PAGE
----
VANCOUVER — A major public infrastructure spending initiative from the next provincial government would generate a return on investment to British Columbians over the long term as high as $2.09 per dollar spent, trigger significant private sector investment, and stimulate wage increases, according to a new study by an independent economic modelling firm.
The Economic Benefits of Public Infrastructure Spending in British Columbia, authored by statistician Robin Somerville at the Centre for Spatial Economics, examines the economic benefits of three possible public infrastructure spending plans in British Columbia. The three plans involve 5-year cumulative spending commitments by the provincial government of $5, $7 and $10 billion respectively. The benefits from a public infrastructure program arise from the direct program spending but then extend beyond this direct impact with public capital promoting long-term economic growth and productivity as productive public infrastructure reduces costs for private businesses; providing a compelling case for public funding of this capital.
The study, commissioned by the Broadbent Institute, found that in the short term the infrastructure program boosts GDP by $1.78 per $1 spent due to the multiplier impact. Within the five-year construction phase, the government also recoup $0.29 of every dollar spent through additional provincial tax revenues.
The public infrastructure spending confers permanent benefits to private business as well. Private sector investment rises, businesses are more productive and competitive in international markets, and real wages rise, providing a higher standard of living -- and all are achieved without significant long-term fiscal consequences to the provincial government.
“These results show why robust public infrastructure investment in British Columbia makes sense,” says Jonathan Sas, Director of Policy at the Broadbent Institute. “This is about British Columbia’s long-term prosperity. These numbers clearly make the case for why the next provincial government should make a bold commitment to this scale of investment, and has the fiscal room to do so.”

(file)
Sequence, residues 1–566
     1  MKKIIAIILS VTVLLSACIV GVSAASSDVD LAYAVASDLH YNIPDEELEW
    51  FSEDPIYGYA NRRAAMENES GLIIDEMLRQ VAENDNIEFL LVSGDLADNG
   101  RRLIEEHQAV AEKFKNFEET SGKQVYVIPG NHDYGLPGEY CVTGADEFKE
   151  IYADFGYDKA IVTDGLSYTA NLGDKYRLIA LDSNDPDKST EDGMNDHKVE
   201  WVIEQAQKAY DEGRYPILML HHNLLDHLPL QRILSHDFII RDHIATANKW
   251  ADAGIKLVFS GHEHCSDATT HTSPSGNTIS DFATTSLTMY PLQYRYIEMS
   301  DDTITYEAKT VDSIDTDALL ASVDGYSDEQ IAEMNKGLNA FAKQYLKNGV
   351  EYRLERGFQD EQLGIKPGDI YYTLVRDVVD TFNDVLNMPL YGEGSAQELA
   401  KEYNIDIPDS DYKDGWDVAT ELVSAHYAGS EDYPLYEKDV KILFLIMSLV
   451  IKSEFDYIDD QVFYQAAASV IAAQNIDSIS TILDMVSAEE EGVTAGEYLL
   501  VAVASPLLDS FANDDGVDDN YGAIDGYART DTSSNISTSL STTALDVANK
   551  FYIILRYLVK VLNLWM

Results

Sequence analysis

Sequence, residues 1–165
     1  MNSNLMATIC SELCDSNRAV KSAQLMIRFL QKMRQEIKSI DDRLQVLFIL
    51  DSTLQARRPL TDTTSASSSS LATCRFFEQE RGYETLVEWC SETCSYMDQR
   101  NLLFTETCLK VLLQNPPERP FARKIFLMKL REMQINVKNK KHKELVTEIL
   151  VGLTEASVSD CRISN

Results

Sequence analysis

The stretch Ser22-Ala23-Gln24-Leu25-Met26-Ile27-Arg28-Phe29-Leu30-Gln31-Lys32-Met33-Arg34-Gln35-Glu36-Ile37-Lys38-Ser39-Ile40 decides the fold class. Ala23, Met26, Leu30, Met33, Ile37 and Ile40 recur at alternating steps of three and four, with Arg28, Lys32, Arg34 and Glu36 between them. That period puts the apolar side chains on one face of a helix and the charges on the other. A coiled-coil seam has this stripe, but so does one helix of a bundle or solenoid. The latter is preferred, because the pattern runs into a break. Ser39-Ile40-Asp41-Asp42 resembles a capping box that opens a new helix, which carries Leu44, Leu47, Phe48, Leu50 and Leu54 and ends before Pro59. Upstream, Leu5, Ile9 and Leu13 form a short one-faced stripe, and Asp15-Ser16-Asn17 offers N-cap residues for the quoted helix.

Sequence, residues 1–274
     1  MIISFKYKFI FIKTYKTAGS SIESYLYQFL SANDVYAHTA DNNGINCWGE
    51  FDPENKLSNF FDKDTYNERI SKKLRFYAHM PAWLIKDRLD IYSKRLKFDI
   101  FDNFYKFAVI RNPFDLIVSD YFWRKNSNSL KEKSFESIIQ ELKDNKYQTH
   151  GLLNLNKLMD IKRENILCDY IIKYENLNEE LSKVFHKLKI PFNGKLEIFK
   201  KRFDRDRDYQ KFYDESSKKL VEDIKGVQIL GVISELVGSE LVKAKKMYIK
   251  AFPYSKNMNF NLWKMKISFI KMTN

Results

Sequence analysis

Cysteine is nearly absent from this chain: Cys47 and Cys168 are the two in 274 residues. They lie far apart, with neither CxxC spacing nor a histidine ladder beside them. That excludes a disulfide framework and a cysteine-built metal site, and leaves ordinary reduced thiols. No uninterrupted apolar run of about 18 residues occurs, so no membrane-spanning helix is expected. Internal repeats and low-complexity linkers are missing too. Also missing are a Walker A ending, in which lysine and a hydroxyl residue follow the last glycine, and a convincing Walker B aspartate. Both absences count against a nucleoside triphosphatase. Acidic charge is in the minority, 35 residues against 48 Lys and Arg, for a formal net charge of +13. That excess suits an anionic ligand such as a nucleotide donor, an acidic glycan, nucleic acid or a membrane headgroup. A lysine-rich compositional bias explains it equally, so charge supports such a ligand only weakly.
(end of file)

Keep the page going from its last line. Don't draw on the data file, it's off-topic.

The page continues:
In all three spending scenarios, the report shows significant return on investment (ROI) and GDP growth for the province. “Even if the province runs some short term deficits to finance these investments, the long-term impacts on the province’s finances will be positive,” added Sas.
“There’s also a cautionary tale in here,” warns the study’s author, economist Robin Somerville. “The costs of neglecting our public infrastructure are not zero. Allowing our public infrastructure to continue to decay imposes costs at least equal but opposite to the benefits estimated in this study. The competitiveness of private businesses in British Columbia are tied to the quality of public assets, so a significant and sustained public infrastructure spending initiative is required.”
Other key findings include:
In the short term, the spending program boosts employment by between 9,200 and 19,600 jobs, depending on the spending commitment;
In terms of person-years of work, the $5 billion infrastructure spending program generates between 46 and 49 thousand over the 5 years of program spending;
The benefits of the infrastructure spending accrue principally to the construction sector, with positive short-term impacts on output and jobs in manufacturing and the business service sector providing inputs to construction;
Benefits accrue to a number of other sectors including Finance, IT, and Food services
Infrastructure spending also achieves other social objectives that have not been quantified in this analysis, including societal gains from education, health care, and other public assets. Added author Robin Somerville, “The report makes clear the economic benefits of this investment. These are in addition to the benefits of lower congestion costs, improved business networking opportunities, and reductions in pollution and greenhouse gases.”
The report is available online at http://www.broadbentinstitute.ca/bc_public_infrastructure.
Maria Dobrinskaya, Acting BC Director, Broadbent Institute